Redding high school tackles the First Amendment
Shasta paper’s flag-burning photo ignites a firestorm
When Shasta High School, in Redding, put out its last issue of the semester earlier this month, many of the students involved assumed they’d be back at their writing desks in the fall. In fact, one student—Amanda Cope, set to be the next editor in chief—had gone to great lengths to make it happen.
Then, with the semester’s last issue of the Volcano, their plans appeared to go down the drain. Right there on the front page, in a collage of photos of friends and the prom, was a picture of a student burning an American flag.
In his last editorial for the paper, Connor Kennedy, editor in chief at the time, defended the right to burn the flag as freedom of speech, a topic he had recently studied in one of his classes.
Shasta High School Principal Milan Woollard thought the paper had gone too far. Soon after publication, he told the Redding Record Searchlight that the Volcano was simply and finally “done.” He went on to clarify that “there is not going to be a school newspaper next year” and added that the school was already planning to cut the Volcano because of budget constraints, but that the flag-burning picture “cements that decision.”
The disbanding of the newspaper has attracted national media attention, and phone calls to Amanda and Woollard were not returned.
Before the photo appeared in the paper, the administration had promised Amanda that the paper could continue next year if she could get enough students interested in the class. If not, it would be cut due to budget constraints.
Amanda took the challenge and managed to convince enough students to be a part of the Volcano. Some of them even “dropped AP courses, rearranged their planned schedules, and spent literally hundreds of dollars” on college summer classes, Amanda wrote in a letter to the Record Searchlight.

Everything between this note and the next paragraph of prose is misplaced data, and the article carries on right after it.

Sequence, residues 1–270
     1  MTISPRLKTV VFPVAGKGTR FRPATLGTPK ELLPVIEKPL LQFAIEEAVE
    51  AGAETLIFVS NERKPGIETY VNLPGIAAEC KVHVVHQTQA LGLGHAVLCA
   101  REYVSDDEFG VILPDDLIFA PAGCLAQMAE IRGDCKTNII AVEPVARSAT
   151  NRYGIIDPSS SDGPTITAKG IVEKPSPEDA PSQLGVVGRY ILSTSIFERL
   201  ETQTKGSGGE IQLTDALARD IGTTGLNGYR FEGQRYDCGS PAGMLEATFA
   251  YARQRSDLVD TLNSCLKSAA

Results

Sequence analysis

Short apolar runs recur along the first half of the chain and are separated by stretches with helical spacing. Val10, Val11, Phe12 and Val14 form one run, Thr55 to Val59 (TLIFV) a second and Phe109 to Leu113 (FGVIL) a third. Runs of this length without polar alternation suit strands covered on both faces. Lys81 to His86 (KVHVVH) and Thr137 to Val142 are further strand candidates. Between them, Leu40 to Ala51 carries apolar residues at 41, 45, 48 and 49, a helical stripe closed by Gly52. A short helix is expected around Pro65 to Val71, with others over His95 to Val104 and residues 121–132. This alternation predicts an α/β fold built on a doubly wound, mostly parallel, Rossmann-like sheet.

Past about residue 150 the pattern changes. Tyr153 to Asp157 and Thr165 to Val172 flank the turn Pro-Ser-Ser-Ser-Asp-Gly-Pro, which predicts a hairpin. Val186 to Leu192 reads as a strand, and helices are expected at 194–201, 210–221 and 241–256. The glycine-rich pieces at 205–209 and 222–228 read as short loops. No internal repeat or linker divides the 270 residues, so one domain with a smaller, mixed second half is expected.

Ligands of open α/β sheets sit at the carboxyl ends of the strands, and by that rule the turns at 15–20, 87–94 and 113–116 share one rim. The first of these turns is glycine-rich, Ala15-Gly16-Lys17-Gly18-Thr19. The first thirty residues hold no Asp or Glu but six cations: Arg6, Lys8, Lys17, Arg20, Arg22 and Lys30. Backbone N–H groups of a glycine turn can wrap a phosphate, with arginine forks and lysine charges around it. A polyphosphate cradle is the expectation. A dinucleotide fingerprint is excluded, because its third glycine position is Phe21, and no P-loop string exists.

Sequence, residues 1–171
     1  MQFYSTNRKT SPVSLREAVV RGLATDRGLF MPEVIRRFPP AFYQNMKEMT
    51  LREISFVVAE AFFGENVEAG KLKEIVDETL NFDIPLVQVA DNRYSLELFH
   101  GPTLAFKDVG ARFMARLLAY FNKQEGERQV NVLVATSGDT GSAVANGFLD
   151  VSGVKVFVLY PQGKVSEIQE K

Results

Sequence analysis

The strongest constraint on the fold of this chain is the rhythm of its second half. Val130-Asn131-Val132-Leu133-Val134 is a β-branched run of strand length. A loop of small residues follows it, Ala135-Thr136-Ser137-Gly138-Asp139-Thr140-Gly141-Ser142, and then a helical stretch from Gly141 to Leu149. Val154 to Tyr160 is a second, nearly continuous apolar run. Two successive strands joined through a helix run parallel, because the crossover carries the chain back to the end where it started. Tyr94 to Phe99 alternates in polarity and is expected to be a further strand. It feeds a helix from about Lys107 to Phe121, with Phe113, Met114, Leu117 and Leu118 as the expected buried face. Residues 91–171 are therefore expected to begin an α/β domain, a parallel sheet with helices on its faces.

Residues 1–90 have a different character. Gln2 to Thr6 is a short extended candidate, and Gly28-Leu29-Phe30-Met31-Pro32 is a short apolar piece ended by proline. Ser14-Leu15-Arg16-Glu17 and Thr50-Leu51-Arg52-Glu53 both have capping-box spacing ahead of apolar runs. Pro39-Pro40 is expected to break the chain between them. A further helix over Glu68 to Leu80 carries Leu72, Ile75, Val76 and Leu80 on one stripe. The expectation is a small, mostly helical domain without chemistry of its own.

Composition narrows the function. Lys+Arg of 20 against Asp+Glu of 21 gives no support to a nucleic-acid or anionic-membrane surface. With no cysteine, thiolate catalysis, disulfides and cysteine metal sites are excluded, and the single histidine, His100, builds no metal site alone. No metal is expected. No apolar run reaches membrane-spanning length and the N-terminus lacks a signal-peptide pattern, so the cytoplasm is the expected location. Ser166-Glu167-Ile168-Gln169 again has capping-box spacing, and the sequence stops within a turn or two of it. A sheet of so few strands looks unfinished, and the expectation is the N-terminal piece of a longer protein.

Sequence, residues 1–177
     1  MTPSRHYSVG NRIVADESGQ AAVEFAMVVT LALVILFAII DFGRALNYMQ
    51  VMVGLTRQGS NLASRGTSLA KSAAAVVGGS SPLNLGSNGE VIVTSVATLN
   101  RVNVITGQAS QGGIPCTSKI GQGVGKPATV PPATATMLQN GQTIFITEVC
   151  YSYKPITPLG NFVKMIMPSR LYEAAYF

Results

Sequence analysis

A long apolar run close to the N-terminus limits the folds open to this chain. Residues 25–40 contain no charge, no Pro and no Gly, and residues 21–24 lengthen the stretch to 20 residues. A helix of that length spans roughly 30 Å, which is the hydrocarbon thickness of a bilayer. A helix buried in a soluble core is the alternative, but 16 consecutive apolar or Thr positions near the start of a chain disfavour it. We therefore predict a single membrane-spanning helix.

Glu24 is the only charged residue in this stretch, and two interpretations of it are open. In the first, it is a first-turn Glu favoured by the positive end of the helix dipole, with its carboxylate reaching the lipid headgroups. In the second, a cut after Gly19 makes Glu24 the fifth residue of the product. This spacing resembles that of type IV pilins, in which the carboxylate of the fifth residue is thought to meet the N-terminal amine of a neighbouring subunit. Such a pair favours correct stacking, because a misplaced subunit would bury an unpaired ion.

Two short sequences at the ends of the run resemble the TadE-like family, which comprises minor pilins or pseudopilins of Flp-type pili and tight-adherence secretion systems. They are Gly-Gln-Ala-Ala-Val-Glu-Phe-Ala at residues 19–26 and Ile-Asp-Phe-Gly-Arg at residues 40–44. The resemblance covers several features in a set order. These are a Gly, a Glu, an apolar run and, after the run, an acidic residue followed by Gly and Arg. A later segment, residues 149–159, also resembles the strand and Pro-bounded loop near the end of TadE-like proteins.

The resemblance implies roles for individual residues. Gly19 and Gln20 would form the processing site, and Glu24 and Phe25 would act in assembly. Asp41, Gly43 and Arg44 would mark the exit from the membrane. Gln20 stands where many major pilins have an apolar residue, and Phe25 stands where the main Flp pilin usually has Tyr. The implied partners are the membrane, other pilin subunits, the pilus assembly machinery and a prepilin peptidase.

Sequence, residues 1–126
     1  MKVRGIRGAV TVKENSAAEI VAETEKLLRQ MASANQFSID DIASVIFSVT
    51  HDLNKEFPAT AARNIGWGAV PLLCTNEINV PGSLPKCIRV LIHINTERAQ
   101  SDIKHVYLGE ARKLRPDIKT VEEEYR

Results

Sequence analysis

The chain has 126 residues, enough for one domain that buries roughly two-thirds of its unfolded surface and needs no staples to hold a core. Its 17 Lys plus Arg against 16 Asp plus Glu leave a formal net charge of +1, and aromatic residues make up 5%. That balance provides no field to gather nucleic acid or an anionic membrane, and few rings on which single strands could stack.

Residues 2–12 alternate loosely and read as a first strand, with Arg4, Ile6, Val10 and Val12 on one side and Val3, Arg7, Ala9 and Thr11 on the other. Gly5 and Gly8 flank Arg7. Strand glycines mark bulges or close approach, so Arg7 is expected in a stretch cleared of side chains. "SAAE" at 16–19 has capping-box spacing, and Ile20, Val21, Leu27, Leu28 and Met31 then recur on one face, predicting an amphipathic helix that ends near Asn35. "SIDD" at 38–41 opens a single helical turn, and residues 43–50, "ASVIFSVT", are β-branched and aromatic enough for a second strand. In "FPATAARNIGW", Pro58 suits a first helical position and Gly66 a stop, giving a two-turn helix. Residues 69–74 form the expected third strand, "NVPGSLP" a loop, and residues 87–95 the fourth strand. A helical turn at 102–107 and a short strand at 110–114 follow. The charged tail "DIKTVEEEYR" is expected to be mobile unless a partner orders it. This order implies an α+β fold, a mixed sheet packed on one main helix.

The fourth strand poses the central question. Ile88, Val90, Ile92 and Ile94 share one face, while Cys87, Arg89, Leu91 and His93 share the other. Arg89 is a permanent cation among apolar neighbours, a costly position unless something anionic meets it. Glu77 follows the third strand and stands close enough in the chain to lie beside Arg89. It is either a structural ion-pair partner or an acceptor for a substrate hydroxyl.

Judy Champagne, Volcano faculty adviser, was just as angry about the picture, asserting that it was “bad journalism” and telling the Redding paper that the students “misused” their freedom of speech and treated the issue like “a game.”
The disapproval of the cover art went right to the top of the chain of command, with Superintendent Mike Stuart saying he thought the piece highlighted the students’ immaturity. “Personally I find it offensive,” Stuart told reporters.
These strong words from the principal, advising faculty and superintendent condemned the paper automatically, but students had yet to be heard.
Kennedy, who has since graduated from Shasta High, has had little to say since the paper was published. He has not returned phone calls, but wrote an editorial response to the Record Searchlight in which he highlights the fact that his classmates had recently finished a unit about free speech in which they delved into the topic of flag burning. He argued that, due to the recent material taught in class, his editorial and the picture in the Volcano were “relevant and timely.”
Amanda has been far more vocal. When the newspaper class was cancelled, she went to Superintendent Stuart, the same man who had condemned the paper’s decision to run the photo. She convinced Stuart that she deserved the chance that she was promised, and he overrode Woollard’s decision, calling for the reinstatement of the paper on a probationary basis.
Stuart says he will re-evaluate the Volcano, and student interest in journalism, at the end of the 2008-09 school year. After the newspaper was reinstated, Woollard told reporters that it would cost the school $13,000.
Amanda isn’t wasting any time on her victory lap; instead of celebrating, she’s planning. She has told reporters that she wants to expand the Volcano’s coverage to encompass student interests, from test dates to international news.